Many organizations regard their people as their greatest asset. There is no disputing that the ability to hire great talent is a critical component to success, but in today’s pandemic-work-from-home world these great assets could also pose the greatest risk to your business. No amount of technology can account for human nature. You may already have invested in the best security solutions, but all it takes is a single click of a phishing email. I like to refer to this as a people problem – something that technology cannot solve entirely.
M365 - Exchange Online Center
ENow Software's Microsoft Exchange Online blog built by Microsoft MVPs for IT/Sys Admins.
While many of us are still holding onto summer, it is mid-September and Fall is just around the corner. And that means a fairly important Microsoft deadline will soon be upon us. As of November 1, 2021 only Outlook 2013 Service Pack 1 (with latest fixes) and later versions will be able to connect to Microsoft 365 services.
Two organizations each have Microsoft 365 tenants and they want to work together on several projects – some of which run for a limited time and some of which are ongoing. How can these organizations enable their people and teams to collaborate more effectively and productively across their different tenants? Add on top of this, how can this be done in a secure and compliant manner? This article describes several key collaboration options that administrators at each organization can consider as shared goals.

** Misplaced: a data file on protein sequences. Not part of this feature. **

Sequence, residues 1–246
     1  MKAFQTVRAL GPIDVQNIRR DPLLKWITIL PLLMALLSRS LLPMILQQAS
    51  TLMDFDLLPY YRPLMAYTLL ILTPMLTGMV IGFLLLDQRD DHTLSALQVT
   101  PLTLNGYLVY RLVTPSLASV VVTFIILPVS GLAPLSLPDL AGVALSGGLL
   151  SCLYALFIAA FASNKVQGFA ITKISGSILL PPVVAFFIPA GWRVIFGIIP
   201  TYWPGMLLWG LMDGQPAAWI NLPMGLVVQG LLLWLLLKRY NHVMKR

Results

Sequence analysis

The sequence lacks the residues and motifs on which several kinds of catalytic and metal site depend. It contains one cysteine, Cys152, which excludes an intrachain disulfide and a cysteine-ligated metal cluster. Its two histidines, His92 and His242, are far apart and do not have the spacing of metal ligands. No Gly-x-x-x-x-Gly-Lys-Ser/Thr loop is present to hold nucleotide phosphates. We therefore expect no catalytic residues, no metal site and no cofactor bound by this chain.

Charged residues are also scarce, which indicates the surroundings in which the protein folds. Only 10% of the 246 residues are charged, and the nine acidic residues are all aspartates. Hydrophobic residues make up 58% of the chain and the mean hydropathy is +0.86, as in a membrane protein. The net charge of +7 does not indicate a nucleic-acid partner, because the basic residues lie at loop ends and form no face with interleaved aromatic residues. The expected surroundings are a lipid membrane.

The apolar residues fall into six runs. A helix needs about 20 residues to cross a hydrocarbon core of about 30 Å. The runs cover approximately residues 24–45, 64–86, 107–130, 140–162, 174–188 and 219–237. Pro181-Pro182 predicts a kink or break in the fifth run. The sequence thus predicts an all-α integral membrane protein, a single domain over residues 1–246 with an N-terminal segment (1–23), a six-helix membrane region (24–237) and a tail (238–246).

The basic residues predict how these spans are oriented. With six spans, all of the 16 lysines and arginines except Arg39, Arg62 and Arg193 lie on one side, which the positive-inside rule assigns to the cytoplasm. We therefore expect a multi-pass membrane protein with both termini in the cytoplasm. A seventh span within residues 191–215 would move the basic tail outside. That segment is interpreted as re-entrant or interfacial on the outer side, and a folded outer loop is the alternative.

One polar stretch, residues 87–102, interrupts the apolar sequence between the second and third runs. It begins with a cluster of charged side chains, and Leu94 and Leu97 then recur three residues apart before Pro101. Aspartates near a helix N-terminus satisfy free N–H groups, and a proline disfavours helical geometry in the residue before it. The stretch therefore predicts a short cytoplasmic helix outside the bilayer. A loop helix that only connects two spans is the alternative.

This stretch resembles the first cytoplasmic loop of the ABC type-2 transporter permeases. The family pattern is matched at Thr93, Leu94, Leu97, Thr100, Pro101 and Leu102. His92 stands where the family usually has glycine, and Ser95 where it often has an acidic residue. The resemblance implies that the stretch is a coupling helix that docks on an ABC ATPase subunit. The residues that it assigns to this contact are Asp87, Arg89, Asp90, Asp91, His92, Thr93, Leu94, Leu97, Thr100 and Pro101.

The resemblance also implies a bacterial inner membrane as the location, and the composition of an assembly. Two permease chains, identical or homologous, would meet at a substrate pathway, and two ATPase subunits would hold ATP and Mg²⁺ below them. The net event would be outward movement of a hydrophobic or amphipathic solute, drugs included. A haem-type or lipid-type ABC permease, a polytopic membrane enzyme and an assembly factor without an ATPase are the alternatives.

The third and final part of the Tenant to Tenant Migration series is about post-migration processing. In case you missed the first two parts, here is an overview of the content:
Almost every enterprise today is going through some type of transformation from historic compute solutions (i.e., “running IT in our data center”) to hybrid environments where workloads are distributed to specific locations, platforms, or providers based on business requirements. Even organizations seeking to be “cloud only” or “completely hyperconverged” will still have many environment types within their landscape. “IT everywhere” includes all the places we’d like to shift away from, like traditional corporate data centers, but won’t be able to due to technical debt and legacy systems.
In Part 1 of this blog series, we went through the topics of how to discover identities, workloads, data, and security for your tenant to tenant migration project. Part 2 of this series covers the migration itself, like which workloads can be moved, what needs to be done to prepare for the migration, what data can be migrated, if there are any gotchas to expect, and public available PowerShell scripts that make your life a little bit easier.
What (Common) Workloads Can Be Moved
The most commonly used workloads might be Exchange Online, Teams, SharePoint Online, and OneDrive for Business. As in the Microsoft cosmos, the Exchange Mailbox should always be the first workload for migration because several other features rely on the mailbox itself. Also, email was the first workload that could have been migrated to Microsoft 365 and it is still the biggest one. Teams’ one-to-one chats are stored in the mailbox itself; documents and files will be stored in SharePoint Online. OneDrive for Business is a storage within the personal SharePoint Online site, so all of them work closely together.
Microsoft 365 is not new. It’s been around for well over a decade, both in its current form as well as in its previous/current incarnation as Office 365, and before that we knew it as BPOS / Microsoft Online Services.
Welcome to part two of Addressing the Office 365 Monitoring Gaps. In part 1, Michael Van Horenbeeck discussed the differences in monitoring cloud-based systems vs traditional on-premises deployments.